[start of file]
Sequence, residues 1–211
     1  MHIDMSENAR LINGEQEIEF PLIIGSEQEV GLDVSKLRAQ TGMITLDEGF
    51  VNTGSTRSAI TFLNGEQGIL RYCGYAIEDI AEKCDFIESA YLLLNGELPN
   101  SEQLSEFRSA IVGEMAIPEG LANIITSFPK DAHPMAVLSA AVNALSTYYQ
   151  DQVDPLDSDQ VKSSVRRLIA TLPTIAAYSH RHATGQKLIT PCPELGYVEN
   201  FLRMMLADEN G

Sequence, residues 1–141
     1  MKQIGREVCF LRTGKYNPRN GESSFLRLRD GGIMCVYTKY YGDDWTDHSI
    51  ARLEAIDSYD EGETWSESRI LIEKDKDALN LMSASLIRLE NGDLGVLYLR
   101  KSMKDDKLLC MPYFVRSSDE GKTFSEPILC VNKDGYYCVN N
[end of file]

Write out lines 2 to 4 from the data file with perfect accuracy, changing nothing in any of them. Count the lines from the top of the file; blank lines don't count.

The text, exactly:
     1  MHIDMSENAR LINGEQEIEF PLIIGSEQEV GLDVSKLRAQ TGMITLDEGF
    51  VNTGSTRSAI TFLNGEQGIL RYCGYAIEDI AEKCDFIESA YLLLNGELPN
   101  SEQLSEFRSA IVGEMAIPEG LANIITSFPK DAHPMAVLSA AVNALSTYYQ